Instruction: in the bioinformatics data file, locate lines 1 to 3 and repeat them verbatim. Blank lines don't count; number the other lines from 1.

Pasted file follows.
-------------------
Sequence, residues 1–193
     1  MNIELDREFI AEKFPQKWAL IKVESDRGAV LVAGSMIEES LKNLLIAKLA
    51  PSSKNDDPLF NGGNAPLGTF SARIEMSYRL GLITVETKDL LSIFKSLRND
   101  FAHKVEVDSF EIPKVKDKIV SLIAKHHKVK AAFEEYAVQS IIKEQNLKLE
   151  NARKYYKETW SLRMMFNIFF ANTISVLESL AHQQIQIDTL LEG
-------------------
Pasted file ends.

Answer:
Sequence, residues 1–193
     1  MNIELDREFI AEKFPQKWAL IKVESDRGAV LVAGSMIEES LKNLLIAKLA
    51  PSSKNDDPLF NGGNAPLGTF SARIEMSYRL GLITVETKDL LSIFKSLRND